You Should Know… Sherry Berg

Photo by David Stuck
Photo by David Stuck

Sherry Berg stands at an even 5 feet tall, but it’s nearly impossible to miss this Alexandria resident’s voice and personality. Berg, 30, is her own brand of triple-threat — actress, singer and dietician. When she’s not on stage or reading about the latest in theater news, she may be found in Oxen Hill, where she works part time at a dialysis clinic, teaching patients with kidney ailments what not to eat and drink (mainly phosphorus and potassium). This month, you can see her on stage at Signature Theatre in Arlington, where she’ll be playing, among other characters, singer Arianna Grande as a baby in the No Rules Theatre Company’s The No Rules Show – SKETCH!

Where are you from?

I grew up in Rockville and went to school at Richard Montgomery High School. Go Rockets!

Have you lived elsewhere?

I went to Boston University, so I lived in Boston, but only for college. Then at 25, when I studied theater for the first time, I moved to New York to go to the American Musical and Dramatic Academy up in New York City. I lived there for 16 months.

How long have you been acting?

I was in my first play when I was 11, and then all I did was the school plays until I was about 17. Then I was in some productions in college as a non-major doing the theater groups on campus. Then in my early-20s, I did community theater and then realized that maybe it was time to get serious. So at 25, I left my full-time job as a dietician, and I left D.C., and I went to New York to study acting.

I took the plunge almost unwillingly because I was too scared because I just didn’t really think that it was feasible to make a life out of being an artist. But with my friends and family behind me, I went and I took the plunge.

After graduating from AMDA, still uneasy … I came back to the D.C. area, got my old job back, but worked at [George Washington University] Hospital for another two years. And then found that I really needed to find a better balance. I now work part time at a dialysis clinic, and then the other time I spend being an artist.

Do you consider one a pay-the-rent job and the other more of a passion?

I use being a dietician to actually help me as an actor. If you ask me what I do, I will nine times out of 10 tell you that I’m an actor. … I use being a dietician to have purpose daily because being an artist without work — it can be really hard. Having a job three times a week gives me purpose, gives me aim, gives me specific goals, and allows me to talk to people of all different walks of life. Being a dietician and working in an atmosphere like a clinic helps me as an artist and an actor because it lets me see the lives that I represent on the stage or on screen. A lot of actors are excellent and they can just make it happen, but I’m very visual. I need to actually see it. It’s been the biggest influence to me as an actor.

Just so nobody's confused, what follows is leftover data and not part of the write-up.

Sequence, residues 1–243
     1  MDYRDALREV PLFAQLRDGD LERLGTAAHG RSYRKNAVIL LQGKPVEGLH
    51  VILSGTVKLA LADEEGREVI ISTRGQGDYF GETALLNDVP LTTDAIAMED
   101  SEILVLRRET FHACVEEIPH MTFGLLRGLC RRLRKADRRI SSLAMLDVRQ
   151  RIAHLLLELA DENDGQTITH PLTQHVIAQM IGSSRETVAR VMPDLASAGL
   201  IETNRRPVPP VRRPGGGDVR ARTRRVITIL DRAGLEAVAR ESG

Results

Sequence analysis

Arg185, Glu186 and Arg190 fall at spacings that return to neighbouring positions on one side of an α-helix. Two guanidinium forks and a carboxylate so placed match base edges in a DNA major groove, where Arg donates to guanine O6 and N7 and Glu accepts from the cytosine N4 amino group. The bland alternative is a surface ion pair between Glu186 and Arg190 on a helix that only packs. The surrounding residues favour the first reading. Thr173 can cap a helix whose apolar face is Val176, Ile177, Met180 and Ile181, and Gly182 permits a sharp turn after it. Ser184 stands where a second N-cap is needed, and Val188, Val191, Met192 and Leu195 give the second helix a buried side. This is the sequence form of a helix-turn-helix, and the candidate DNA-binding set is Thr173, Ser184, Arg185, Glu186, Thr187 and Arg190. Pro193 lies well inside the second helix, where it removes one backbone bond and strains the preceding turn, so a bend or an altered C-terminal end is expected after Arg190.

It’s pretty rough [for dialysis patients]. How would you like someone telling you that you can no longer eat a certain food or no longer eat this much of it anymore? I can’t even fathom it, and I’m the one teaching it. It’s very difficult, but I’ll tell you, some of the times I laugh the most are at the clinic.

In what ways, if at all, does your Jewish identity affect your work?

[As an actress], I think just growing up in the culture, the way I find a character and deliver that character’s being is meshed in with Jewish comedy of the past. Because of my large tie to comedy of the 1920s and ‘30s, ‘40s and ‘50s, it comes off that way too, meaning casting directors can tell that I’m Jewish right away from the way in which I speak, from the way in which I physicalize in general. For better or for worse, it affects casting. It hurts me so much. Arena [Stage] would never cast me in Fiddler even though I’m so Jewish. They’ll [think], ‘Oh, she’s too much,’ even though I can tone it down. But I think that there is within me an extreme old school sense of comedy and truth.

What is your ultimate goal?

I want to write and star in sketch comedy on TV — and/or focus my efforts in television — because I think I could bring a lot to a lot of people via that venue. There’s something about my personality and reaching out to the masses, and [having them understand] — through my storytelling — life and the human condition. I feel that is what I’m here to do.

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